Saturday, October 06, 2007
I'm about to do a reading of my book, which I haven't done for nearly a year. Having looked it over for the first in a long time, I find these paragraphs from the "afterword" relevant to my recent post about student blogs, and the comments that resulted. So, for those of you who haven't read THE BOOK (I find it all but unthinkable), I re-print them here:
"When I left Judy at Travis Air Force Base and headed off to Vietnam, I surprised myself by sobbing like I’d never stop. Three decades later, I’m glad I went. It was the seminal event of my generation; I know it from a perspective held by few of my friends. The analogy to surgical training is imperfect; I chose to be a surgeon, and didn’t cry on my way to San Francisco. But it was a tough slog, through a system set up by people over whom I had no control, and with whose conduct within that system I didn’t always agree. Nevertheless, I was among the last participants in an era now over for good. I felt part of an unbroken chain of teachers and learners tempered in that same cauldron, walking through the same halls, awake through the same nights, going back for much more than a century. Across the country, the old county hospitals are gone, and the residents are getting a little sleep. I won’t argue that it was better then; in fact, it probably wasn’t. But my training, which informed the lives of generations of surgeons, in many ways brutal and inhumane, is an experience I feel privileged to have had before it disappeared forever.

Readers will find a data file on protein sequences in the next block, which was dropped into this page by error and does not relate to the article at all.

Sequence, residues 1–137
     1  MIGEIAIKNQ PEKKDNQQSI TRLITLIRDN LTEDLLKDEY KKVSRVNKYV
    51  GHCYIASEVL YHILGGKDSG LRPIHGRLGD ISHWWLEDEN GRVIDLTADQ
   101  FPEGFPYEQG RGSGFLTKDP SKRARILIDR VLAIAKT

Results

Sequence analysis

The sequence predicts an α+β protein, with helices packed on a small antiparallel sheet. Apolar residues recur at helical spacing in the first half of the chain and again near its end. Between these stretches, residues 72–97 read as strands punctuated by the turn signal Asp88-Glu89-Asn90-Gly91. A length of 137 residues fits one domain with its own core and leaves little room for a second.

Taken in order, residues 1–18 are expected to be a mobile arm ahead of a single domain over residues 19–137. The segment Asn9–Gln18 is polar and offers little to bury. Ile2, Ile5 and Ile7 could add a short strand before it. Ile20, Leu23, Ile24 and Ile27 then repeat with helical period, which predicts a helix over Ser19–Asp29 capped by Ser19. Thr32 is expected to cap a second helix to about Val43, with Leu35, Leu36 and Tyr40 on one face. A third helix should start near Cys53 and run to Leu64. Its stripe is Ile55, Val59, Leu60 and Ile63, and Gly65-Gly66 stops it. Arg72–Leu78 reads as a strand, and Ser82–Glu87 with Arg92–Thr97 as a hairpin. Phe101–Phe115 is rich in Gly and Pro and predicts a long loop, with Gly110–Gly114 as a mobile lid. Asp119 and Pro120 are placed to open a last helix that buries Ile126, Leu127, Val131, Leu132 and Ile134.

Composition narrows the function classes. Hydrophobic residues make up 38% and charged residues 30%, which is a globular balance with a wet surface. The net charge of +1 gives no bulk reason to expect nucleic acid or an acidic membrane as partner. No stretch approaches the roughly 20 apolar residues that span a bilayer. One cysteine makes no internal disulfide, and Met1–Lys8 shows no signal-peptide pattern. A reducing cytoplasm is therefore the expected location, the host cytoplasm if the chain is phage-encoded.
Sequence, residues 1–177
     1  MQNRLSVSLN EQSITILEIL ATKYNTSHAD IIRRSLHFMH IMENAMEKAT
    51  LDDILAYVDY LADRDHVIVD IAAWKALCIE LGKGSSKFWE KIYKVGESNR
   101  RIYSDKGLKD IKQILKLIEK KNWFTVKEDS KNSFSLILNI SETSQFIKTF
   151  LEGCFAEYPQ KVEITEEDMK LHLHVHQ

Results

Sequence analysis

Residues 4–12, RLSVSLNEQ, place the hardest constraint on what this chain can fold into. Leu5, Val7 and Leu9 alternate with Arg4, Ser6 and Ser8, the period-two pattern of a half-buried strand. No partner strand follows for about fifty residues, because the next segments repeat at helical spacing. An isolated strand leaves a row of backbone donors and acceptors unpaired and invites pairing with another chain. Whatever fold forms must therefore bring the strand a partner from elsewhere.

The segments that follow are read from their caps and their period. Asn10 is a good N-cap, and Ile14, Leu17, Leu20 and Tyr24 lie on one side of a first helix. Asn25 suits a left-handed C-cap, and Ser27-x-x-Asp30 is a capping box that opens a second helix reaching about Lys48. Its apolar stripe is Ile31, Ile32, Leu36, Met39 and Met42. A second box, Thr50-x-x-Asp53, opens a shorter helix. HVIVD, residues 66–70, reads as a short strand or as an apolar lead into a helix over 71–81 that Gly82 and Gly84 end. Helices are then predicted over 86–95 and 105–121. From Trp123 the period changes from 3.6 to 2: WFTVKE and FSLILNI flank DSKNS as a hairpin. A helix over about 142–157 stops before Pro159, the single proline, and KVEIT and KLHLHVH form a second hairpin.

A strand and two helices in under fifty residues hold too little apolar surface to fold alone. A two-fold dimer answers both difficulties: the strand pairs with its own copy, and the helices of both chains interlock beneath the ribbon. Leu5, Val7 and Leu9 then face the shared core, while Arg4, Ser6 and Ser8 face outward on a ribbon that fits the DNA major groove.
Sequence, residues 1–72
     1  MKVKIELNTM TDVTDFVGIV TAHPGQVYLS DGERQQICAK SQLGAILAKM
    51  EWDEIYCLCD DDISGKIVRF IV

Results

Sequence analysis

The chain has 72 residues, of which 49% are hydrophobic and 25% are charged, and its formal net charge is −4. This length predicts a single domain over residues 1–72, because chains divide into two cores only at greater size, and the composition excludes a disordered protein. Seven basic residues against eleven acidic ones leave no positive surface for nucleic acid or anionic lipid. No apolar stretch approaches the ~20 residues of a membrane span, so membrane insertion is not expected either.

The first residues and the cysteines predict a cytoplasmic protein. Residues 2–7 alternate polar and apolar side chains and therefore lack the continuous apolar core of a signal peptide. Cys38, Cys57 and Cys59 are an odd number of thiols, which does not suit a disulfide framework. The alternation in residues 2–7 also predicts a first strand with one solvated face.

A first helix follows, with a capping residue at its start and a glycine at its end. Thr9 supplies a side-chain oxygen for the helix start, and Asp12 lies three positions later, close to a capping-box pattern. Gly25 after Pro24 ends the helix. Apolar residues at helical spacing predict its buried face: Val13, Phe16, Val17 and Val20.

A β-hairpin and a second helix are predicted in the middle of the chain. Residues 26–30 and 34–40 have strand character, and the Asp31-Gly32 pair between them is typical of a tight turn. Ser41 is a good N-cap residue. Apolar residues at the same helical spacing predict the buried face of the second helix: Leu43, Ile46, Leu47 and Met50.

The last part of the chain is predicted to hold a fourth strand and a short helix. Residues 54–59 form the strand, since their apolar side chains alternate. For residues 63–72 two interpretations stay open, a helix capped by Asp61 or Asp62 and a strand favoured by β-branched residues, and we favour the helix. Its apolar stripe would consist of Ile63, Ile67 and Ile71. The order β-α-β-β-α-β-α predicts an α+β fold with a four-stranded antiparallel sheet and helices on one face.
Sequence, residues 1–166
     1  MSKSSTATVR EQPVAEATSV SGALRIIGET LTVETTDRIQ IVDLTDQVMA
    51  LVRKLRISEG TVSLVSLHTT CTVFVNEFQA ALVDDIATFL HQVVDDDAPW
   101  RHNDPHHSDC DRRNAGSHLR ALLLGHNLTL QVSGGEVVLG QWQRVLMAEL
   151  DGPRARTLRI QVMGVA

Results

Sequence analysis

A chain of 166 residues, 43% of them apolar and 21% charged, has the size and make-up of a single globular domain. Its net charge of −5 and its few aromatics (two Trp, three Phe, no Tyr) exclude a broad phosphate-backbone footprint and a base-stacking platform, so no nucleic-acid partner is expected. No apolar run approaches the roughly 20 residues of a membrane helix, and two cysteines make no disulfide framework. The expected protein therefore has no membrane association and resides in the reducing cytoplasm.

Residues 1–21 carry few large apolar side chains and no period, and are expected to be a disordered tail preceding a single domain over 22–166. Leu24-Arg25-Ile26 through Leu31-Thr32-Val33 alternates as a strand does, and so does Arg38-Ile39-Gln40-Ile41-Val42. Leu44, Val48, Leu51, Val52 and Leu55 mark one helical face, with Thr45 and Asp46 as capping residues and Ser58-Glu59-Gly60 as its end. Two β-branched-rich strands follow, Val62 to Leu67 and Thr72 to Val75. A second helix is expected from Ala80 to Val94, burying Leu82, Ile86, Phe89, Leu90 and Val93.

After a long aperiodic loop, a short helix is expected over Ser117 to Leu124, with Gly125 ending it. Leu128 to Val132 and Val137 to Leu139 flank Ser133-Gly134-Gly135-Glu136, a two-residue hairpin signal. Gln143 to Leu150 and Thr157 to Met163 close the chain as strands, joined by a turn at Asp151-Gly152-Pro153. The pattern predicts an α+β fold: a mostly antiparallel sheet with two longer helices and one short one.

I wonder if Dr. Dunphy and his WW II buddies, and those before them, actually had thought it out like this, as they fashioned the modern rules of training surgeons: beat them down, overwork them, hold back the rewards, so that only those who really love it, who find being a surgeon irresistible—like surrendering to a disease—will push on into the senior years of residency. If people burn up and drop out, good riddance. Take their mistakes and wave them like semaphores, visible for miles. There are no brighter lights than those in an operating room. You’d better get used to it, because there’s no separating from the pleasure of dramatic success the misery of abject failure.
Fear of failure is the surgeon’s safety net, and his dead weight. If you haven’t had driven into your essence the sweaty recognition that failure is just around the corner, you ought never pick up a knife. But if you aren’t the kind to overlook that fear and plow ahead believing you’re prepared, you’ll never get out of bed in the morning, much less in the middle of the night."
It goes on from there, in other directions, and perhaps a little too long. But the above is a good crystalization of my thoughts about the inherent (and, to a significant extent, disappearing) toughness of surgical training. For what it's worth. Nor do I mean to belabor the point. I just came across the words again and found them relevant to the recent post. In addition to which, as readers will see, I'm running low on ideas...
Oh, and the book is a lot funnier than those paragraphs suggest. And entertaining.